Like the Toyota Camry, Hyundai Sonata, and Kia Optima, the 2019 Altima will receive a Top Safety Pick+ rating from the Insurance Institute for Highway Safety, Nissan tells us. (The comparison-test-winning Honda Accord fell short of the “+” because its highest headlight rating is Acceptable instead of Good.) Although automatic emergency braking is standard on every Altima—thanks for that, Nissan—a full package of active safety tech becomes standard on the midlevel SV trim. The impressive suite of tech bundles blind-spot monitoring, automatic emergency braking with pedestrian detection, rear automatic braking (helpful when you’re reversing from between two enormous SUVs), and ProPilot Assist, which combines adaptive cruise control with a feature that mostly keeps the car centered in its lane. When that’s not active, lane departure warning is on duty, though we’d recommend turning off the overly intrusive steering wheel vibration alert—stick with the audible warnings. One not-to-be-overlooked duo of standard safety features is the four-tire tire-pressure psi readout and Nissan’s Easy Tire Fill Alert. Together, they can reduce the uneasiness some feel about regularly checking a car’s tire pressure.
For those who consider the security of all-wheel-drive traction a safety feature, Nissan joins the Subaru Legacy and Ford Fusion in offering an all-wheel-drive midsize sedan under $30,000 USD. The Ford may be the prettiest of that trio, but its all-wheel-drive option is offered on the pricier 2.0-liter variant that only gets 20 mpg (11.8 L/100km) in the city. The Nissan’s all-wheel-drive powertrain is a $1,350 USD option on every 2.5-liter trim and, aside from making the Altima feel a tad slower, fades into the background in normal driving. When conditions become more severe, the system can send up to 50 percent of the torque to the rear wheels. With all-wheel drive, EPA-rated fuel economy dips from the front-drive’s 27–28/37–39 mpg (8.7-8.4/6.4-6 L/100km) to 25–26/35–36 mpg (9.4-9/6.7-6.5 L/100km) (the lower numbers correspond to SR and Platinum trims riding on 19-inch wheels).
For comparison, the four-cylinder 2019 Subaru Legacy is rated at 25/34 mpg (9.4/6.9 L/100km), which, incidentally, is also the eye-poppingly good fuel economy on the 2019 Altima’s 2.0 trims. With the new 2.0-liter turbo-four that produces 248 hp and 280 lb-ft on premium fuel, “Altima V-6” is relegated to history and the pre-owned car lot. But even though the Altima 2.0 handily outperforms Camry V-6 and Accord 2.0 in fuel economy, the car isn’t always responsive to wide-open throttle blasts from a stop without the transmission’s sport mode activated. Otherwise, you’ll definitely feel the extra 60 horses compared to the base engine. The VC-Turbo costs $4,050 USD above the front-drive 2.5 SR and carries a $4,000 USD premium on the Platinum trim above the 2.5-liter version; the 2.0 SR’s price is just over $1,000 USD cheaper than a 2018 Accord 2.0T Sport.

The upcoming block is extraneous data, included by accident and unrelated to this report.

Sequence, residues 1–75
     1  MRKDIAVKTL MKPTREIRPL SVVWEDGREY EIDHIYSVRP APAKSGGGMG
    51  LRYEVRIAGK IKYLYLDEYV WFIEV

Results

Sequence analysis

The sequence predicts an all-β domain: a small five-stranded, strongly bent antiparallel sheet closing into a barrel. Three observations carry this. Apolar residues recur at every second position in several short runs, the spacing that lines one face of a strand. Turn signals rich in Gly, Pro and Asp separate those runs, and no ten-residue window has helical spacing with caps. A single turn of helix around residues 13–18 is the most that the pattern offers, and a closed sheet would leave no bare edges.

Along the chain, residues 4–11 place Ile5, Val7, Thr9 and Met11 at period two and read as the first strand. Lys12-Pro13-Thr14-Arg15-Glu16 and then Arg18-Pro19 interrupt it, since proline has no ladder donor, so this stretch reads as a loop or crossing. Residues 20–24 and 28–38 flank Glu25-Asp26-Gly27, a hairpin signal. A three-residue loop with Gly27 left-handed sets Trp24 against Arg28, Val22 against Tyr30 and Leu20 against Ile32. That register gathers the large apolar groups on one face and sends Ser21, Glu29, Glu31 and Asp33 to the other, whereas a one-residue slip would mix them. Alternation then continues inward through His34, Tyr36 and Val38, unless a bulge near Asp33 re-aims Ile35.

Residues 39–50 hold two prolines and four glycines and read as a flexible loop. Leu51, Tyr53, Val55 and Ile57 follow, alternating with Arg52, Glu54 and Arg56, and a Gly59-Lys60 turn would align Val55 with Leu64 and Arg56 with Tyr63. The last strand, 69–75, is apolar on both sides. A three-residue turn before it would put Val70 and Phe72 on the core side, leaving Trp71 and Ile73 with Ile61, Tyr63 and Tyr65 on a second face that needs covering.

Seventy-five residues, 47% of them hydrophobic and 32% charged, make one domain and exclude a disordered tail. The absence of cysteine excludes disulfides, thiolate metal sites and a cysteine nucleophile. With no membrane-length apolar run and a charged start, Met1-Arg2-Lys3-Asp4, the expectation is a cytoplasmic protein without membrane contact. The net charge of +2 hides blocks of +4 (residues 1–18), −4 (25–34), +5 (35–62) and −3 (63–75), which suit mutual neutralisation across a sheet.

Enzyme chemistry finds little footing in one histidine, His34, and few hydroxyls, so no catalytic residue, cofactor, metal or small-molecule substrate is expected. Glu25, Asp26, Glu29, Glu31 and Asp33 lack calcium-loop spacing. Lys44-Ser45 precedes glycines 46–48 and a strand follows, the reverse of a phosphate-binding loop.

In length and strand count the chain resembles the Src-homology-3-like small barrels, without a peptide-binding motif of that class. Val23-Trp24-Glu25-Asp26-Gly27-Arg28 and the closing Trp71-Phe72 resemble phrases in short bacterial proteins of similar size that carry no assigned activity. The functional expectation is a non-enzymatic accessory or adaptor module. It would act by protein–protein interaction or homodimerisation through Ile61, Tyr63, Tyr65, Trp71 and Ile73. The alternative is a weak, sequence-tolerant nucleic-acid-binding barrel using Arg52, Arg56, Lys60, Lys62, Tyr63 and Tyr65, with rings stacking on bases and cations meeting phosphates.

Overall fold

Spending $35,675 USD on a midsize sedan will sound absurd to some buyers, but loaded Altimas look good inside. A Platinum-level 2019 Altima with the VC-Turbo engine adds a surround-view camera system, accent lighting, and a driver memory seat. Unless you really need those features, the more powerful engine, or 19-inch wheels, try the less expensive but still well-equipped $30,735 USD 2.5 SL with leather seats and Nissan’s attractive faux wood trim. Until Nissan adds a head-up display or ventilated front seats to the Platinum model, other midsize sedans make more sense at the very top end of the segment.
But as long as the 2019 Altima’s steering doesn’t bother you, the Nissan fights for your money most effectively on its lower trims. The spacious Nissan is efficient and comfortable if you avoid the 19-inch wheels. Plus, the new all-wheel-drive option and updated interior elevate the Altima’s competitiveness in a class that also includes the fun-to-drive Mazda6 and value-oriented Hyundai Sonata. If your commuter-car search starts and ends with the segment’s Big Three, however, a smartly equipped 2019 Nissan Altima is worth a look once it goes on sale this fall.